Scottish authorities raised the death toll to eight people Saturday in the crash of a police helicopter into a crowded Glasgow pub, stressing that a rescue and recovery operation is ongoing and it is unclear what they will find when the aircraft's wreckage is moved.
The higher death toll was news that "everybody had been both dreading and expecting," Scottish Deputy First Minister Nicola Sturgeon said.
Chief Constable Stephen House said three of the dead were found in the helicopter, which was carrying two police officers and a civilian pilot when it crashed through the roof of The Clutha pub late Friday.
They "were our colleagues," House said, bowing his head and taking a long pause and swallow. He said the five other fatalities were found inside the building and 14 people remain hospitalized with serious injuries.
House wouldn't say if more people are believed to be inside the pub, explaining that the helicopter is still "dominating the whole space" in the one-story building and that until the wreckage is cleared "we won't know what is going on" underneath.
More than 100 people inside pub
The Clutha pub, near the banks of the River Clyde, was packed Friday night and a ska band was in full swing when the chopper slammed through the roof.
Police said there were "well over" 100 people inside the bar at the time of the crash, listening to the music stylings of local ska band Esperanza on the eve of St. Andrew's Day, Scotland's official national holiday.
'People were covered in blood and dust. Other people were dragging them away from the bar and trying to get them out.' - Local resident Paul Dundas
"This is a black day for Glasgow and Scotland but it's also St. Andrew's Day, and it's a day we can take pride and courage in how we respond to adversity and tragedy," Scottish leader Alex Salmond said, later ordering that flags outside government buildings be flown at half-staff.
Queen Elizabeth II said her thoughts and prayers were with the victims, while Prime Minister David Cameron offered to support the Scottish government "in any way" and praised emergency services plus "the bravery of ordinary Glaswegians" who rushed to help.
It was not immediately clear what the helicopter was doing in the area prior to the crash. Police and air safety investigators say it's too early to say or speculate on why the Eurocopter EC135 T2 helicopter came down on the pub's roof, close to a helipad on the riverbank.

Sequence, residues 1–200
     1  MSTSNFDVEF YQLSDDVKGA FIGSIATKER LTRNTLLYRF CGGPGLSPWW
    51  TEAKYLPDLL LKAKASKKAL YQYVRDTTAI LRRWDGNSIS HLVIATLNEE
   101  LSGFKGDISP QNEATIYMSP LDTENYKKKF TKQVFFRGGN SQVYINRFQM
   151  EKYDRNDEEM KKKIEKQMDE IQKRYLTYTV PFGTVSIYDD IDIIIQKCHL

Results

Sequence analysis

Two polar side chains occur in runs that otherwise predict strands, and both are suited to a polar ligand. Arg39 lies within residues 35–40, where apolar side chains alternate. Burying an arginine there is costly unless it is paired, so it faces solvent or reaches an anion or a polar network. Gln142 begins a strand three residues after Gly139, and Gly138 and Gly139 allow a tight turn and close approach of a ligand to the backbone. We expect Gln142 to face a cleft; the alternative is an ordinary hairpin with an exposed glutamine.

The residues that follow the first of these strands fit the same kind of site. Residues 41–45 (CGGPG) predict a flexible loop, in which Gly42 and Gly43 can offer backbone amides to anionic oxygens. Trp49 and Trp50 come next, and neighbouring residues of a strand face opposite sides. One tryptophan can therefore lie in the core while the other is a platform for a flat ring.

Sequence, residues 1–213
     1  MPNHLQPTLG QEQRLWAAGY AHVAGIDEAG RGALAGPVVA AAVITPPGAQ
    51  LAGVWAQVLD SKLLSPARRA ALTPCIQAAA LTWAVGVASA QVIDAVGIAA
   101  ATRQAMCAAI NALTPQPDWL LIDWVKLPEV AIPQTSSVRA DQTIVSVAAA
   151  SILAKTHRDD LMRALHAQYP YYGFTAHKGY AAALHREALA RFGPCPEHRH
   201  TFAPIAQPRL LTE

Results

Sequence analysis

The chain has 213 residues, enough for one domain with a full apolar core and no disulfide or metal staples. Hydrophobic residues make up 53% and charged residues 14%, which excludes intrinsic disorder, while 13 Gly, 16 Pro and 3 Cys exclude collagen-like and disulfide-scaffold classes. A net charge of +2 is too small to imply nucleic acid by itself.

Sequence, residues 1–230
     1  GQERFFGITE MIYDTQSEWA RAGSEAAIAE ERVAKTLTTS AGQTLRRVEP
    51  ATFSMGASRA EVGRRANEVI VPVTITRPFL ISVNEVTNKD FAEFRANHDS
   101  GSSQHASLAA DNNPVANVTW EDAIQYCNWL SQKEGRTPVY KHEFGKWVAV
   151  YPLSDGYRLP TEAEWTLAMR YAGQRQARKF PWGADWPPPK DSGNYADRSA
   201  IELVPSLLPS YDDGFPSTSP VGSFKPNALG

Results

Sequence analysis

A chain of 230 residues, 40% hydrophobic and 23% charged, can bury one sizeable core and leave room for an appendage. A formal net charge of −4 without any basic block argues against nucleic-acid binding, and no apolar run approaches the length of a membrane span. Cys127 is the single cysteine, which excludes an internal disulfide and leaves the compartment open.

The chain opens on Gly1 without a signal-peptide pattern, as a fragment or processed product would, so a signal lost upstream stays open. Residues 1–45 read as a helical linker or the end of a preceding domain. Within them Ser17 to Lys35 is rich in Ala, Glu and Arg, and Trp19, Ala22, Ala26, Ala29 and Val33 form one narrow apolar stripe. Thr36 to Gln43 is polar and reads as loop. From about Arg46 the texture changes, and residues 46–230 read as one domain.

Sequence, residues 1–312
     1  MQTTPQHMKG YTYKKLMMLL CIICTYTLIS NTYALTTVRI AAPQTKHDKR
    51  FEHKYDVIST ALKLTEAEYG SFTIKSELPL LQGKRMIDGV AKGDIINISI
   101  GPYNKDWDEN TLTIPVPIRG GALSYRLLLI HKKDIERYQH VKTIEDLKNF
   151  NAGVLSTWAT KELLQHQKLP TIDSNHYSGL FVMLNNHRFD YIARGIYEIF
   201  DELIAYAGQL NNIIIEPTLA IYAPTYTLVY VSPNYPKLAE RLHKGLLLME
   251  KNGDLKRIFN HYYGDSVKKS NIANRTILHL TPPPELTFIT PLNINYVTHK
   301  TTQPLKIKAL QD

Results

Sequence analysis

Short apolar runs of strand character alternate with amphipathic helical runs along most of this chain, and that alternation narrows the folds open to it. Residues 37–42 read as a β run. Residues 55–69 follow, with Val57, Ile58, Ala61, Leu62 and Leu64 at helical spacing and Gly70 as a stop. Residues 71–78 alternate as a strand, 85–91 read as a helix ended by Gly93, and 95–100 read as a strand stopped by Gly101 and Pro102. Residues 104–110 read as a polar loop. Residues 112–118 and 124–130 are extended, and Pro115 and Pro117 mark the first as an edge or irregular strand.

Specialist teams worked throughout through the night and day on the rescue and recovery effort, with police saying the scene was extremely dangerous because the building was unstable.
"We are dealing with a very sensitive investigation and operation here," House said. "It will go on for many days yet."
Rescue crews look for survivors, casualties
Search and rescue dogs were on the scene for much of Saturday, more than 100 firefighters participated in the rescue effort and crews trained in shoring up unstable building, excavating and seeking out casualties aided in the huge operation.
With the scene cordoned off, groups of people huddled around police tape, some visibly upset and crying. A blue tarpaulin had been spread on the roof of the Clutha bar, but for much of the day the shapes of the blades and mangled fuselage were clearly visible from the street.
John McGarrigle, 38, said that he believed his 59-year-old father, also named John, had died in the crash.
The younger McGarrigle, who described his father as a regular at the bar who sat in the same seat every night, had arrived on the scene shortly after the crash and stayed all night.
"His friend told me she went to the toilet, heard the noise and went back into the bar," he said. "He was gone. There was nothing left where he'd been sitting."
Acts of kindness
The crash Friday at around 10:30 p.m. sent dozens of patrons fleeing through a cloud of dust. Witnesses spoke of people streaming out of the building covered in blood, with gashes and other injuries.
Local resident Paul Dundas, 26, told how he heard a loud bang and looked out of his window to see a plume of dust rising above the pub.
"At first I thought it was a firework," he said, describing the "horrible scene" he discovered upon going down to the street level.
"People were covered in blood and dust. Other people were dragging them away from the bar and trying to get them out," he said. "Everyone was in shock, but people were helping and asking strangers if they were OK. I saw a couple help each other clean up their faces."
The twin-engine Eurocopter is widely used by police and ambulance services.
In 2007, a Eurocopter EC135 T2 crashed in southern England. The pilot and his wife were unhurt, but the aircraft was badly damaged. Britain's Air Accidents Investigation Branch said there had been a failure of the autotrim system which maintains the aircraft's position. The agency recommended changes to correct the problem.
Esperanza, the band which was playing in The Clutha when the crash occurred, joined in the heaps of praise showered on rescue officials.
"Waking up and realizing that it is all definitely horribly real," the band wrote on its official Facebook page. "Despite the situation everyone was so helpful and caring of each other. The police, ambulances, firefighters all did a stellar job and continue to do so today."
Glasgow, a city of about 600,000 people, has transformed its traditional image of being a rough and tumble city to one with a vibrant music and arts scene. It was also among the cities that hosted Olympic soccer matches in 2012 and will hold the Commonwealth Games in 2014.
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